At Twin Cities Habitat, we believe elections are an important way for individuals and communities to make their voices heard. That’s why we are excited to engage our Housing Heroes in the 2020 Elections. Of course, we are a 501(c)(3) nonprofit, so all our election engagement will be strictly non-partisan.
2020 is a big election year. The U.S. President, House of Representatives, and some Senators are up for re-election. So are all Minnesota State Senators and Representatives. Whomever is elected on November 3 will make key decisions as our communities begin to recover from the impacts of COVID-19.
Moreover, elected officials have the power to create change through policy. It was elected leaders who upheld discriminatory housing policies for decades, both in Minnesota and nationally. You can learn more about this history and how today’s elected leaders can challenge these disparities by reading our Race & Housing series: tchabitat.org/race.
Simply put, elections matter, this election matters, and your voice matters.
Vote for Home
That’s why we’ve created a Candidate Conversation Guide—to give you talking points and tools for using your voice to engage with candidates.
Let candidates know what you value. As candidates campaign for office, they will keep an ear out for the issues that are important to voters – who have the power to decide whether or not they get elected. When you talk about an issue that matters to you, candidates may begin to prioritize that issue themselves and elevate it on the campaign trail, or later on, in office. The more we can all speak about the issue of homeownership and housing, the greater the chance that it will become a talking point and issue of focus for candidates.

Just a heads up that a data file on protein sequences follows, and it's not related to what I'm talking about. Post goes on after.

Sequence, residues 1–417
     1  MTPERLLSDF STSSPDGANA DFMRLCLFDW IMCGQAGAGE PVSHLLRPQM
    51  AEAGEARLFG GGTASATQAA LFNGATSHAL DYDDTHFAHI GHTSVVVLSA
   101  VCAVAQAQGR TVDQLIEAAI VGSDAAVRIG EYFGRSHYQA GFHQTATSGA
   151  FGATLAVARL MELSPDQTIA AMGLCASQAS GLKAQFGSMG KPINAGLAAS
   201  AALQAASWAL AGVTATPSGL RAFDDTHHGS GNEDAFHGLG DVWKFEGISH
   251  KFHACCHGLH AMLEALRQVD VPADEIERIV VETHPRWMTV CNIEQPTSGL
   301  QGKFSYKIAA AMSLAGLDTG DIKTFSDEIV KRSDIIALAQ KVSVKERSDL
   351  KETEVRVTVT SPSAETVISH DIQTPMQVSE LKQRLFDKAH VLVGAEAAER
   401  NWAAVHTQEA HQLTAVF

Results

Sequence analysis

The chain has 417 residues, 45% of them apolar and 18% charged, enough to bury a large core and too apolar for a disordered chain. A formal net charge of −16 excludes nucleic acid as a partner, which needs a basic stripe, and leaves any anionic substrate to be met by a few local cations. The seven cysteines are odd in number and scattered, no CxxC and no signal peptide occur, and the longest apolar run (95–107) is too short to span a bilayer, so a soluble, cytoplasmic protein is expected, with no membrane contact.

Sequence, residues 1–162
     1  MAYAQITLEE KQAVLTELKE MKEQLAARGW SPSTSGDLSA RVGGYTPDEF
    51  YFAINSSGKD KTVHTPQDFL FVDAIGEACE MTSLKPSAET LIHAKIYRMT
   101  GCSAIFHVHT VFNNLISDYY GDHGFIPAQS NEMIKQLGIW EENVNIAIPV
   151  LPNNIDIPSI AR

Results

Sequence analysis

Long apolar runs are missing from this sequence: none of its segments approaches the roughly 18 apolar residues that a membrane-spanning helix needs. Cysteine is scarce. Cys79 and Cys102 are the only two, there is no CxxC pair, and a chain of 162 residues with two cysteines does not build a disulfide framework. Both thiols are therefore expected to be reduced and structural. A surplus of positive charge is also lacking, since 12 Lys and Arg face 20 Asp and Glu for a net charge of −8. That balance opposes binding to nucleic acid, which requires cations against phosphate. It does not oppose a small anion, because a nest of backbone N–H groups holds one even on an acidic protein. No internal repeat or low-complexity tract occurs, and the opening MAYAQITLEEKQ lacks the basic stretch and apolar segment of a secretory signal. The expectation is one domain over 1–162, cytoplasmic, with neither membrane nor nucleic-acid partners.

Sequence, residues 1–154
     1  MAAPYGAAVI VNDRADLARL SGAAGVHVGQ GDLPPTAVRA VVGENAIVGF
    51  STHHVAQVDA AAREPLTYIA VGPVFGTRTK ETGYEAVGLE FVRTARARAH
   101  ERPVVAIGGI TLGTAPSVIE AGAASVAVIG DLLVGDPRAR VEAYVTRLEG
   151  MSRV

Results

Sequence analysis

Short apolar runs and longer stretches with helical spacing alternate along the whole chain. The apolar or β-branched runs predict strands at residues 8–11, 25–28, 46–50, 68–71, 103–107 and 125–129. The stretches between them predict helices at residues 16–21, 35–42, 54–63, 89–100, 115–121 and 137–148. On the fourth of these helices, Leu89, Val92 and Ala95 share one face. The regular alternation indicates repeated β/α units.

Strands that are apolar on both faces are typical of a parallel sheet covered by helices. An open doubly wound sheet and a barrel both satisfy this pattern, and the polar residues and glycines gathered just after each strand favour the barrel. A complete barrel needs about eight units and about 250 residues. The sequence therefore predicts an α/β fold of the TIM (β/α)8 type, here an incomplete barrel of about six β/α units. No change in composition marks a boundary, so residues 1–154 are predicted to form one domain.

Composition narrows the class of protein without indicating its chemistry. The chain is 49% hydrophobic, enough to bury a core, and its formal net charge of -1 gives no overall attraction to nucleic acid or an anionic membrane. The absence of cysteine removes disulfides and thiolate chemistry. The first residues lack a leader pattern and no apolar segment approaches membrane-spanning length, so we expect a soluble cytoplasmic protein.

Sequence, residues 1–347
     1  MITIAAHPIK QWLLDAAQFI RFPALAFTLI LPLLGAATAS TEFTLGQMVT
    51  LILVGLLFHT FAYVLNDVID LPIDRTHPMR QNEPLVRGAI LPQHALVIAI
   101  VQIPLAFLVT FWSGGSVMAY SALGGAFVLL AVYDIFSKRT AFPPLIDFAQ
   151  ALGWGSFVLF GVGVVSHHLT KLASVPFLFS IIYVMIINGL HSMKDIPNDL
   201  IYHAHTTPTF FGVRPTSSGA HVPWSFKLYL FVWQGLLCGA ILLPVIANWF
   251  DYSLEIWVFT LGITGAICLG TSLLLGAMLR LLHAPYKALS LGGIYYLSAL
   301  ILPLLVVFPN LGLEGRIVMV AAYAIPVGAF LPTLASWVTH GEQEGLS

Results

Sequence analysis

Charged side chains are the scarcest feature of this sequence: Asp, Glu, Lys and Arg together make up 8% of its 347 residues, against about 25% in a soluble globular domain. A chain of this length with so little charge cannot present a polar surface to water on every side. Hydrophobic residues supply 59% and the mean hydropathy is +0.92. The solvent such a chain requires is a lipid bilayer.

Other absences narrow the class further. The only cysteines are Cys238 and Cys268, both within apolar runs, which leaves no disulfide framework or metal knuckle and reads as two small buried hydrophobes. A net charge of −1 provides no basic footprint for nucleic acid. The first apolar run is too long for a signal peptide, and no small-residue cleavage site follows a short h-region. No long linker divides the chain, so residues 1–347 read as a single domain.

It’s also important to know where candidates stand. Amidst all the rhetoric of campaigns and elections, it can be difficult to parse out what candidates actually believe or value. This guide is meant to be a tool for you to gauge whether a candidate is a champion for homeownership or housing. But don’t stop with the guide – if there are other questions or talking points that come to mind, use them. The candidate is campaigning for your vote, so you get to set the tone and decide what is a priority.
How to Use this Tool
In previous years, we’ve created a “reverse door-knocker” to use when a candidate is canvassing and knocks on your door. Due to COVID-19, campaigns may not rely as heavily on direct door-to-door canvassing this year. Instead, you can use the Conversation Guide to ask a question at a virtual townhall, in a phone call with a candidate, or for talking points in an email to their campaign. Download it onto your desktop, print it off and keep it near the phone, or hang it on your fridge. We hope it will be helpful for you.
Personally, I would have used this in the recent primary election. I live in Ward 6 of Minneapolis, which had a special election for the City Council. In the days leading up to August 11, I received several phone calls directly from candidates. At the time, we had not yet finalized the talking points and questions for the guide. So, I improvised and asked them questions about how they would work to address the racial equity gap in homeownership and other issues that matter to me. Next time I hear directly from a candidate, I’ll definitely use this guide as a reference.
And we want to hear from you! As you connect with candidates on the campaign trail, let us know if you’re using the Candidate Conversation Guide. What’s working? What isn’t working? Where could you use more support, and what questions do you have? Team Advocacy is publishing an FAQ blog mid-September, so send us your questions now!